A newly discovered security issue in the Android mobile operating system dubbed "Stagefright" has been called one of the worst vulnerabilities to date, and could present a critical issue for some 95 percent of devices in users' hands.

     


     

    Where do these logos / branding images come from? These underground hackers have great PR departments.

  • Reply 10 of 157
    Let's put this into perspective. The population of North America is about 565 million. That means if an attack were to kick off, EVERY Andriod handset in the Western Hemisphere would be compromised! Why isn't this national news???
  • Reply 11 of 157
    mstonemstone Posts: 11,510member
    Quote:

    Originally Posted by AppleInsider View Post



    "A fully weaponized successful attack could even delete the message before you see it. You will only see the notification."

    Surely the exploit can do more than delete its own MMS message. Does the attacker get control of the device?

  • Reply 12 of 157
    solipsismysolipsismy Posts: 5,099member
    Not quite Samsung, HTC, lg, and Motorola have been doing a great job supporting their devices.

    Is that really the case, or just the case for their flagship devices? For example, will the Samsung Galaxy Stardust get this patch?
  • Reply 13 of 157
    MacProMacPro Posts: 19,526member
    But at least they are not in a crappy walled garden like is Apple folks :D
  • Reply 14 of 157
    MacProMacPro Posts: 19,526member
    Let's put this into perspective. The population of North America is about 565 million. That means if an attack were to kick off, EVERY Andriod handset in the Western Hemisphere would be compromised! Why isn't this national news???

    That reminds me of the old joke, 'what do you call ten lawyers at the bottom of the river?' A start.
  • Reply 15 of 157
    formosaformosa Posts: 261member
    Quote:
    Originally Posted by AppleInsider View Post



    But because many users are not running the latest version of Android --?in many cases because they simply cannot, thanks to restrictions in place by handset makers --?the vulnerability is said to affect an estimated 95 percent of Android device owners.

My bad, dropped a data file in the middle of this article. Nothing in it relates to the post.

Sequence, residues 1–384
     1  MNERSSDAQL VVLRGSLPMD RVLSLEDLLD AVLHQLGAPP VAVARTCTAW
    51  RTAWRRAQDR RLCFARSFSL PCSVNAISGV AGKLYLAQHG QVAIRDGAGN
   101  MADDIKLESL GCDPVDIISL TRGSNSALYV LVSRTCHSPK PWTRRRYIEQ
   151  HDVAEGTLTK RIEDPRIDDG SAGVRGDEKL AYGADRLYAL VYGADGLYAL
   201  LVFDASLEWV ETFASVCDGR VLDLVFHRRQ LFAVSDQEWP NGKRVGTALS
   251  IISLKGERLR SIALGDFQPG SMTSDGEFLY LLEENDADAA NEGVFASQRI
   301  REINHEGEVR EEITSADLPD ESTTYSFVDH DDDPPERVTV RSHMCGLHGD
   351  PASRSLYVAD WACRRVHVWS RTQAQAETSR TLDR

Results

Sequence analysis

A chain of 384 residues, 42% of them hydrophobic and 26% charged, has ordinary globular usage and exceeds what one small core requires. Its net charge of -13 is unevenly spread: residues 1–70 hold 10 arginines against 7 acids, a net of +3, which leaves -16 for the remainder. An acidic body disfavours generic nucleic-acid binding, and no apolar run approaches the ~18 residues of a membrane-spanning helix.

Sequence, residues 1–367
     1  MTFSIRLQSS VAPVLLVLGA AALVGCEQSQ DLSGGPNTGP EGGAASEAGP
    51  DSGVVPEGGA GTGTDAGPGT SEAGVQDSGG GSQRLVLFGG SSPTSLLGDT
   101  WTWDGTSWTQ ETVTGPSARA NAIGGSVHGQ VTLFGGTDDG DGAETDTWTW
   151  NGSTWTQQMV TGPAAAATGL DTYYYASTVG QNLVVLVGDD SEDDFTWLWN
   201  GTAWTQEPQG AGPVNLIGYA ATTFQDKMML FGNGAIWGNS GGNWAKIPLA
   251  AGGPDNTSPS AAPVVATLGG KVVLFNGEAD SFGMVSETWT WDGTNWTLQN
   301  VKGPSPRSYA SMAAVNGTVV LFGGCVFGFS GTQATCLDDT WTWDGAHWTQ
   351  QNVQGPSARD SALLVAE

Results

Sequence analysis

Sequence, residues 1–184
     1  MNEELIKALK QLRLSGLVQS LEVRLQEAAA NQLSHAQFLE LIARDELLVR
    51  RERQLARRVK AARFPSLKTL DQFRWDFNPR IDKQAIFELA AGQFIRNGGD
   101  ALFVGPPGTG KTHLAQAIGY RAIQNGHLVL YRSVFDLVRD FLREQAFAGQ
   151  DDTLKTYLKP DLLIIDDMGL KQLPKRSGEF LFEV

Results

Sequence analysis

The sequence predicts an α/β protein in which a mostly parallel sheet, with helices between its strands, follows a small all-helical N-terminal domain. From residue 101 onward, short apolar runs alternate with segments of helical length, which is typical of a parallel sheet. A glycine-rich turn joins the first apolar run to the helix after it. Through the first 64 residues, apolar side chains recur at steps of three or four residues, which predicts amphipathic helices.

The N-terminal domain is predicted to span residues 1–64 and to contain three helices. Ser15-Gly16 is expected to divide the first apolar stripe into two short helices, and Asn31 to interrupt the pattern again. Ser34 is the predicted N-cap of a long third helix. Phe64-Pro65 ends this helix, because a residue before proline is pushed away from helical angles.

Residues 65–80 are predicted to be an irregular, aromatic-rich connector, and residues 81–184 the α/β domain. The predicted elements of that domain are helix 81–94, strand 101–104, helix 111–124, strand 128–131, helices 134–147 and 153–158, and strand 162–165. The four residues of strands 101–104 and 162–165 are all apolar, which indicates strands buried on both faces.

Quote:
    Originally Posted by sog35 View Post

     

    How old is your phone?  After 12 months most phones don't get updates from carriers.

     

    If you buy an older phone you get no updates at all.


     

    How Apple wrested away the ability to update the phone without the carrier's involvement was a monumental achievement. In eight years, no other smartphone company can still do the same.

  • Reply 16 of 157



    HAHA! Now THAT'S funny!

  • Reply 17 of 157
    dasanman69dasanman69 Posts: 13,002member
    formosa wrote: »
    But because many users are not running the latest version of Android --?in many cases because they simply cannot, thanks to restrictions in place by handset makers --?the vulnerability is said to affect an estimated 95 percent of Android device owners.
    sog35 wrote: »
    How old is your phone?  After 12 months most phones don't get updates from carriers.

    If you buy an older phone you get no updates at all.

    How Apple wrested away the ability to update the phone without the carrier's involvement was a monumental achievement. In eight years, no other smartphone company can still do the same.

    Wrong. Google updates its Nexus devices the way Apple does.
  • Reply 18 of 157
    chadbagchadbag Posts: 1,822member
    Quote:

    Originally Posted by dasanman69 View Post





    Wrong. Google updates its Nexus devices the way Apple does.



    And how many Nexus devices are out there compared to other Android devices?   Apple does it with ALL their devices.   So yes, quite.

     

    Google sold Nexus themselves.  They did not go through carriers.

  • Reply 19 of 157
    solipsismysolipsismy Posts: 5,099member
    formosa wrote: »

    How Apple wrested away the ability to update the phone without the carrier's involvement was a monumental achievement. In eight years, no other smartphone company can still do the same.

    Why are other smartphone vendors so dependent on the carriers that updates have to go through them? Is getting paid by the carriers to allow them to push crapware on the devices the only way they can make money on the devices? Is there another reason?
  • Reply 20 of 157
    afrodriafrodri Posts: 190member
    Quote:

    Originally Posted by Prince Brian View Post



    Let's put this into perspective. The population of North America is about 565 million. That means if an attack were to kick off, EVERY Andriod handset in the Western Hemisphere would be compromised! Why isn't this national news???

     

    It is national news – https://www.google.com/search?q=stagefright+android ; shows thousands of stories on it.